The intranet is the traditional repository of company information for employees. So, it long has been a key part of the communication playbook for organizations.
But there’s a problem.
Too often, intranets are black holes. They are where important content disappears – never to be seen by the people who need it most to be productive at their jobs. In fact, one memorable study conducted by Prescient Digital Media, found that only 13 percent of employees say they visit their company intranet daily and 31 percent say they never do.
“Intranets are the most hated thing by employees,” said Mark Ragan, CEO and Publisher of Ragan Communications. “Show me an intranet that employees love and I’ll give that communicator a Nobel Peace Prize.”
Yet organizations continue to treat them as a one-stop resource for critical company information. The expectation is employees will go find what they need. Intranets typically reside behind a firewall, safeguarding content that requires a level of security. And there’s no doubt that they have a role to play in any employee communication strategy.
The hard part, though, is simply getting employees to use the company intranet – or even acknowledge that it exists. That’s because the world has changed and intranets haven’t.
The intranet was designed for a time when knowledge-workers typically sat in front of desktop computers at offices. But today, according to Gallup’s 2017 State of the American Workplace report, 43 percent of employees now work remotely at least part of the time. Then there are workers who aren’t glued to laptops because they’re driving delivery trucks, working on factory lines, standing behind checkout registers, and so on. Oh, and don’t forget about contract workers who are part of the growing Gig Economy and might not have access to corporate accounts.
Don’t they all need information, too?
One topic explored in The Definitive Guide to Employee Communication and Engagement, which was recently published by Dynamic Signal, is how employees today have far different expectations about how they should receive information. This is especially the case for digitally savvy Millennials, who have spent their entire lives on the cutting edge of technology. They get frustrated when their employers aren’t keeping up.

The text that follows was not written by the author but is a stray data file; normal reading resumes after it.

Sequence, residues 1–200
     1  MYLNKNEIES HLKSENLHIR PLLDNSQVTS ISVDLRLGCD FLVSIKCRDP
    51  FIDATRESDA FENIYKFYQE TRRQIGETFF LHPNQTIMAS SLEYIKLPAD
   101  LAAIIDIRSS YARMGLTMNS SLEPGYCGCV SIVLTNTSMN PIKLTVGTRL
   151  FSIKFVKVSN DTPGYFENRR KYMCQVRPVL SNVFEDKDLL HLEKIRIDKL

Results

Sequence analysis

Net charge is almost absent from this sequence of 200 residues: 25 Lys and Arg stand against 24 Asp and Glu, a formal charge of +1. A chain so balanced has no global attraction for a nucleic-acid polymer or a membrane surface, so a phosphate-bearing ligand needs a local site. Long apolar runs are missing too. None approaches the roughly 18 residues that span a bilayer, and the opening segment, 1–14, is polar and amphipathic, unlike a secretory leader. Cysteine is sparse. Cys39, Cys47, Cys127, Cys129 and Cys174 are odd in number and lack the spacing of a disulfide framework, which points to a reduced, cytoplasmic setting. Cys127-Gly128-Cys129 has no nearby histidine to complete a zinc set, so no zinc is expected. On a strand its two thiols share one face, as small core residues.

“The pace of change is so great that we have better stuff at home than we do at the office,” explained Jim Cockin, the Head of Group & Employee Communications at United Kingdom telecommunications company Sky. “It’s a race for businesses to keep up.”
The concept of a destination model – going to an intranet to search for something – doesn’t
make sense for modern employees. They’ve grown up with a distribution model where news comes to them. They expect information at their fingertips – literally. And nine times out of 10, they will be accessing it on their mobile devices.
Organizations have to adapt. The answer is not to give up on intranets. What’s required is a re-imagining of the intranet. The focus should be on bringing the intranet to the employees – wherever they are and in the convenient manner they prefer.
That means having the ability to deliver relevant, snackable and shareable bites of information that prioritize what’s most important to help them do their jobs better. Intranets alone cannot do that.
“Employee behavior really is evolving, and it’s following the path we’ve seen with consumer behavior,” said David Armano, Global Strategy Director at Edelman, the communications marketing firm. “That was really the canary in the coal mine. Consumers have become so dependent on mobile devices. They are basically the dashboard of our lives. That’s now transferring over to the employee experience.”
That’s the way people communicate in their personal lives. Shouldn’t it be the same way in their work lives? It just makes more sense. And both organizations and employees can get what they want, and need, from the intranet.
Download The Definitive Guide to Employee Communication and Engagement to learn more.